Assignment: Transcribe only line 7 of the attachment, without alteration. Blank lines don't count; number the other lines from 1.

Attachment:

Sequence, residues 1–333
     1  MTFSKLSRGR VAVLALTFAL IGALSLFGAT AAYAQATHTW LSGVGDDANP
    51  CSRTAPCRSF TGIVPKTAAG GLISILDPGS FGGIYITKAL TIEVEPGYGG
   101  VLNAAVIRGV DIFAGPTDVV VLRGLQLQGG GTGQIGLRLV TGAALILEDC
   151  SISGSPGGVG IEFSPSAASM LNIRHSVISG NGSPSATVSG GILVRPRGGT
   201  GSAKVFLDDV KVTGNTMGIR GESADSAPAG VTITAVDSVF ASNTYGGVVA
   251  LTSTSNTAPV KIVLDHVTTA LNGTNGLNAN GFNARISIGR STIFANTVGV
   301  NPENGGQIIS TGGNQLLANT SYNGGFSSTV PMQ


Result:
   251  LTSTSNTAPV KIVLDHVTTA LNGTNGLNAN GFNARISIGR STIFANTVGV